- Don’t deny yourself anything, just limit how much you have of it. Do you always want what you can’t have? Me too! As soon as I tell myself I’m not allowed something, the rebel in me goes wild, and it’s all I can think of. So give yourself a ‘Red Day’, a ‘Naughty Day’, a ‘Fat Day’, whatever you want to call it, once a week. Then, when your inner child is throwing a tantrum because it REALLY wants a chocolate chip cookie, instead of just saying no, and dealing with the screams and tears, say not now, but if you wait until your ‘Red Day’ you can have a whole packet if you want. I find this satisfies my inner voice, and what actually happens, is I get to my ‘Red Day’ and I don’t eat the entire packet of cookies I wanted on Monday, the cake I wanted on Tuesday, the extra large fish and chips I wanted on Wednesday etc etc, I actually end up, just having a couple of those things, feeling satisfied that I’ve been allowed to be ‘naughty’.
- Following on from point 6, don’t be too hard on yourself. If you give in and end up eating the cookie, just have one less Amber snack the next day. If your friends are all going out for pizza and cocktails, go, have a good night, but use that as your ‘Red Day’.
Remember – low carb, low sugar, high fat, high protein.
To make it easier, I’ve categorised every single one of my recipes as Red, Amber or Green, as well as listing other popular products people eat on a regular basis below, to make it easier for you to plan your meals.
Try to stick to 1 amber meal and 2 amber snacks, maximum, a day, as well as plenty of green meals and snacks. – Do not starve yourself!
Have one Red Day a week – Try to stick to 2 red meals, and 2 red snacks on this day, top it up with green meals and snacks.
An Example Weekly Plan:
Breakfast = Baked beans on wholemeal toast, glass of fruit juice
Midday Meal = Spiced Chickpeas and salad, Sugar free yoghurt
Evening Meal = Cauliflower Cheese, salmon and veg, 1 scoop of vanilla ice cream
Breakfast = Homemade smoothie
Midday Meal = Crustless quiche and salad, Sugar free yoghurt
Evening Meal = Veggie Lasagne, wholemeal Garlic Bread, small glass of wine
Breakfast = Sugar free porridge with honey
Midday Meal = wholemeal Tortilla Dippers, Humous and carrot sticks, glass of fruit juice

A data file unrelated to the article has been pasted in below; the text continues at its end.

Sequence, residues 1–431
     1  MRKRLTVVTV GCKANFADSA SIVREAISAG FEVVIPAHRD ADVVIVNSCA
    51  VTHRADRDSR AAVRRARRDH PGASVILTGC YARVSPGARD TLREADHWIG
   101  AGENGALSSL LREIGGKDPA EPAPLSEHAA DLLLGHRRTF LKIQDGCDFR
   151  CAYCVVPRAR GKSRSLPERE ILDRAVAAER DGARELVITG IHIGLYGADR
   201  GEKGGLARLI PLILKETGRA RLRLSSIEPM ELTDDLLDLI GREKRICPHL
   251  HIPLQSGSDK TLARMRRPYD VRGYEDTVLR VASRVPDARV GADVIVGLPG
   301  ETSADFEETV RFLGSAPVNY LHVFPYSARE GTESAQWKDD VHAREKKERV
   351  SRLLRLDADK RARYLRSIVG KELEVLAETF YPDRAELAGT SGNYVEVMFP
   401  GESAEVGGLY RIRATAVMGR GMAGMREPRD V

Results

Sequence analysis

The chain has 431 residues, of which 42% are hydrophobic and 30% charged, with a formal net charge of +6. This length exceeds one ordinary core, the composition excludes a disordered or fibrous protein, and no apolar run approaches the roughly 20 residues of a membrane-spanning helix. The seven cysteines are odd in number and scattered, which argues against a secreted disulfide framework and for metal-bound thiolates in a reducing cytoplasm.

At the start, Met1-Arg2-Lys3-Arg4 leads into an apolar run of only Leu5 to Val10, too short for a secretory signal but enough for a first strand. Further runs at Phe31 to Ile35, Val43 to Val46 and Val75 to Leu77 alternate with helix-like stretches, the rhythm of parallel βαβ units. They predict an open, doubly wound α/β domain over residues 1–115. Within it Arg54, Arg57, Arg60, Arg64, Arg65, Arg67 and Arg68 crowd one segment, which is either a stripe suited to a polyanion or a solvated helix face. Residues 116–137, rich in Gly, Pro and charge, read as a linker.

Evening Meal = Quorn roast, veg and gravy
Breakfast = Sugar free yoghurt, Fresh fruit, Mixed nuts and seeds
Midday Meal = Eggs In Hell with spinach and wholemeal bread
Evening Meal = Sweet Chilli Salmon and wholegrain Noodles, scoop of vanilla ice cream
Breakfast = Super Tasty Mushroom Omelette, glass of fruit juice
Midday Meal = The Ultimate Spicy Bean, Vegan Toasty on wholemeal bread, an apple, Sugar free yoghurt
Evening Meal = Aubergine (Egg Plant) And Courgette Bake, salad, small glass of wine
Breakfast = Mushroom Scrambled Eggs – no toast, glass of fruit juice
Midday Meal = Creamy Salmon and Broccoli Spaghetti, small glass of wine
Evening Meal = Teriyaki Salmon Skewers, salad, fresh watermelon
Breakfast = Pancakes
Midday Meal = Chocolate Orange Fudge Cake, fresh fruit
Evening Meal = Homemade Fully Loaded Veggie Pizza, Long Island Iced Cherry Tea
All My Red, Amber and Green Recipes:
Fruit, veg, dairy (milk, cream, cheese) protein (Quorn, eggs, fish, meat) and pulses (Lentils, beans, peas)
- Mushroom Scrambled Eggs – no toast
- Super Tasty Mushroom Omelette
- Baked beans (Make sure they’re one of you five a day)
- Veggie sausages – fried in olive oil, roasted or grilled
- Eggs – fried in olive oil, poached, boiled or scrambled
- Mushrooms – raw or fried in olive oil
- Tomatoes – raw, fried in olive oil or tinned as long as the tin says they’re one of your five a day
- Breakfast Kale
- Homemade fruit smoothie
- Eggs In Hell with spinach, no bread
Midday and Evening Meals:
- Caprese Salad – use my recipe for Caprese Bruschetta but have extra salad instead of bread
- Veggie Sausage Casserole
- Veggie Mince without Tatties
- Serve with side salad or veg roasted or griddled in olive oil:
- Barbecued or Oven Baked Feta